I had someone from my area PM me about constant flats in the rear. They'd been taking it to the LBS for repair (same LBS chain I got mine from), and it keeps recurring. With your spoke breakage, I'm wondering if there's something odd with the rear wheel.

I don't really like the bottle dynamo due to noise and drag, and would love to eventually replace it with a hub dynamo. The LBS has my name and number for any potential buyers of the L300 they have to swap front wheels/lights with me if they want some $$$ for the exchange.
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Old 08-28-06, 01:52 PM   #15
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Quote:
Originally Posted by legot73
I had someone from my area PM me about constant flats in the rear. They'd been taking it to the LBS for repair (same LBS chain I got mine from), and it keeps recurring. With your spoke breakage, I'm wondering if there's something odd with the rear wheel.

I don't really like the bottle dynamo due to noise and drag, and would love to eventually replace it with a hub dynamo. The LBS has my name and number for any potential buyers of the L300 they have to swap front wheels/lights with me if they want some $$$ for the exchange.
I've had good experience with flats. The schwalbe tires seem tough. I use MR. Tuffy too.

I'm surprised that the plastic bottle generator held up so long. The locking mechanism might just have some dirt in it. For extended night riding my other bike has a schmidt hub generator- low friction, works great, a little heavy.
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Old 08-28-06, 09:21 PM   #16
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How Many miles did you have on your L200 bike >?

just curious you said you have had it for 2 years. May I ask how many miles you got on it ?


I hear this bike can handle a fair amount of milelage ??
Thanks,

Jay
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Old 08-29-06, 02:13 PM   #17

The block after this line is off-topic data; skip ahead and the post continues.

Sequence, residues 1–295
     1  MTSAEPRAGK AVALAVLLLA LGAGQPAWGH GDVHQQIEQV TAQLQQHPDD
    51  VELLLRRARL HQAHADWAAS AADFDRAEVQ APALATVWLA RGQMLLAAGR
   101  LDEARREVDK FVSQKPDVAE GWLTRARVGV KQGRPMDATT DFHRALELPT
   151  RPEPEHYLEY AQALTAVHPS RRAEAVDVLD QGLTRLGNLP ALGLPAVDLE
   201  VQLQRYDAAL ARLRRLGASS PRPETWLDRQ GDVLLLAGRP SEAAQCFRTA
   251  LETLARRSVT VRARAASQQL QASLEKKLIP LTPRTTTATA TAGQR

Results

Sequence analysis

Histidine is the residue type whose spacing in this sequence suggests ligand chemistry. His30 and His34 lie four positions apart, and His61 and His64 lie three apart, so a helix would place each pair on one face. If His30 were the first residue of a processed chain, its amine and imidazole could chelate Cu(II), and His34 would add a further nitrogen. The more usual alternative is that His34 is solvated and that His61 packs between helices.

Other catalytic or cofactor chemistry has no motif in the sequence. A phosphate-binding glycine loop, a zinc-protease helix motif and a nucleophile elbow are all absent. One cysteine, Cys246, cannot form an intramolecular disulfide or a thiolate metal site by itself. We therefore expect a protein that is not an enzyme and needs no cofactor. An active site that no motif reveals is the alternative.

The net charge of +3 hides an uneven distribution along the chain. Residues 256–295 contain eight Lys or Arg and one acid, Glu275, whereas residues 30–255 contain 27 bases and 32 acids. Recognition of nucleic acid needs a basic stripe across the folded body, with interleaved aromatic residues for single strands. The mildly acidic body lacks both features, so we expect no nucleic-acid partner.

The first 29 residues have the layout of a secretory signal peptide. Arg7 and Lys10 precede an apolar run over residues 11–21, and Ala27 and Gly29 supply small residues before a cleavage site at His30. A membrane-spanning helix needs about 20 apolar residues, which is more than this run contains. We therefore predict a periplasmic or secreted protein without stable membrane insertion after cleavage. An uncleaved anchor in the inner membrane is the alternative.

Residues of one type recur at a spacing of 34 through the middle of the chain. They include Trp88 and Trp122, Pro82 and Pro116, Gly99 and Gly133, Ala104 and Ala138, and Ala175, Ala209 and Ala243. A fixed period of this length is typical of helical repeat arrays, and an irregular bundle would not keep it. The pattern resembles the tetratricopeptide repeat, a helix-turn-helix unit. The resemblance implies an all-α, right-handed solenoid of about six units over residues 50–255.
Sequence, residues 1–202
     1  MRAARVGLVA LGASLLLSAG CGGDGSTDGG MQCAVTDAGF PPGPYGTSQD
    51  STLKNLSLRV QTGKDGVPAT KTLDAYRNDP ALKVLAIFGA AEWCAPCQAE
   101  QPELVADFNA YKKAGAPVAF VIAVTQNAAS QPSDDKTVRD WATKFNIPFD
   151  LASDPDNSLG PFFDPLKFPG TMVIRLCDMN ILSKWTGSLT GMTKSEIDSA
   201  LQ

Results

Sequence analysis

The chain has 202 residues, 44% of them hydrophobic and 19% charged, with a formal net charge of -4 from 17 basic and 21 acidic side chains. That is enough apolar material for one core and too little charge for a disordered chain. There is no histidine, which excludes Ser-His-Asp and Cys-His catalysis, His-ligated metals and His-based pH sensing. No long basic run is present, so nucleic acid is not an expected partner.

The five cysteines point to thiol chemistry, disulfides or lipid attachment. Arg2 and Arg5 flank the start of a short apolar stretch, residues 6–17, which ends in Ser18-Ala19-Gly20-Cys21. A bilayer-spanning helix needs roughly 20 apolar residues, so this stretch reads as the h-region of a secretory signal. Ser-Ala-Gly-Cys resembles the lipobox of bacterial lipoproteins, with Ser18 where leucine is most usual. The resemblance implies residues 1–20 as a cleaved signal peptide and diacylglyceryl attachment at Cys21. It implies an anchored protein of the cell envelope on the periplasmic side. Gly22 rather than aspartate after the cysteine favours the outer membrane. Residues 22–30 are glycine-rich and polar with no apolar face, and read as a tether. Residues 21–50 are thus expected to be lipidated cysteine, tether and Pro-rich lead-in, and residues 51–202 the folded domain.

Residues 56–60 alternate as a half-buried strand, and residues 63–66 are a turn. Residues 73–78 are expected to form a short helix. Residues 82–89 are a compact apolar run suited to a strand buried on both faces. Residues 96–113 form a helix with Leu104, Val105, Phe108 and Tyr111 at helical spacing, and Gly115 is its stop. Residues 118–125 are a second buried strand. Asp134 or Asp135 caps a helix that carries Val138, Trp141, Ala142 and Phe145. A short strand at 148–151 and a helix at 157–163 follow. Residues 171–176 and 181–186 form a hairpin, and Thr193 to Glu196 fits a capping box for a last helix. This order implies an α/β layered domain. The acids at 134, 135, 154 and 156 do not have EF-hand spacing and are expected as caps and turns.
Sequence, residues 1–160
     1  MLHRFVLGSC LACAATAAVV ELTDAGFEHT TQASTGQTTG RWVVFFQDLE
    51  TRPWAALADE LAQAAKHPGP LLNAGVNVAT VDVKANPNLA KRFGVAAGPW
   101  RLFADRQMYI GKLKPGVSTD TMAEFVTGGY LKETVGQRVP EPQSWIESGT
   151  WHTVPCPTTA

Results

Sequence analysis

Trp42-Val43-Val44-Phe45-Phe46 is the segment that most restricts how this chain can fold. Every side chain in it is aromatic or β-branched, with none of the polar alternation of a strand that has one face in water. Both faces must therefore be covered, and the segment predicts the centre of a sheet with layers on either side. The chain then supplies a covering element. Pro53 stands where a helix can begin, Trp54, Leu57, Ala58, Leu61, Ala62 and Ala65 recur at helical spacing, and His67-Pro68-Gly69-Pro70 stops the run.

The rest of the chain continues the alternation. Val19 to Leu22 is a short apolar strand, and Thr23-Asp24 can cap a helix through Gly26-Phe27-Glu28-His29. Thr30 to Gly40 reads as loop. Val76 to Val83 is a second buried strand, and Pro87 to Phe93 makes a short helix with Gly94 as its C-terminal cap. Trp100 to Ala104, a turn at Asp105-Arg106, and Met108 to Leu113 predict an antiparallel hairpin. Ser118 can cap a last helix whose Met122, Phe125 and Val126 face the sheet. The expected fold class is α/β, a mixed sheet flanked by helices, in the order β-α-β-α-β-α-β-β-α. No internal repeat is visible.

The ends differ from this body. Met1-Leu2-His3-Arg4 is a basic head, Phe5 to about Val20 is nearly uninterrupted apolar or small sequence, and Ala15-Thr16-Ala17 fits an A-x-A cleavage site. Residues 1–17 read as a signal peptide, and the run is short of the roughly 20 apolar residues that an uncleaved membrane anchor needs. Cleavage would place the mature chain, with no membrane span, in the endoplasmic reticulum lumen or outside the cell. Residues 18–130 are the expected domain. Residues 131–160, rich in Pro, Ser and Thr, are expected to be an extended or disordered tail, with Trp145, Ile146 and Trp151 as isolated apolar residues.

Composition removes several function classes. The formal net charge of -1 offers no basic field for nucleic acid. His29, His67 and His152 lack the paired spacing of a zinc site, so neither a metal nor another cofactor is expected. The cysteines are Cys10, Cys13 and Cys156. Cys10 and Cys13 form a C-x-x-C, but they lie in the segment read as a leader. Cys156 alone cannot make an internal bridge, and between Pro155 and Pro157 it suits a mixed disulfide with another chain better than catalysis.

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Quote:
Originally Posted by jayhuse
just curious you said you have had it for 2 years. May I ask how many miles you got on it ?


I hear this bike can handle a fair amount of milelage ??
Thanks,

Jay
No I don't use an odometer but here is my typical usage pattern for the bike. The ride to work is 20 minutes except in nice weather I take a 50 minute ride home through the park. Sometimes like today I have to ride across town for work- 30 - 40 minutes one way depending on which site it is. About every other weekend I rode it 10 miles one way to suburban shopping. Then add in the 5 - 8 mile personal transportation trips for theater concerts shopping or visiting friends about once per week. Sometimes after work I go
about 10 miles one way to meet my daughter or volunteer on a project in the same town.

I rode in all weather including salted and sanded snow. DC has rough roads so the bike takes a lot of bumps. The seat got ripped in 1 year. The running gear- transmission chain and bottom bracket- are all still silky smooth.

That should give you an idea of the mileage.
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Old 08-29-06, 09:36 PM   #18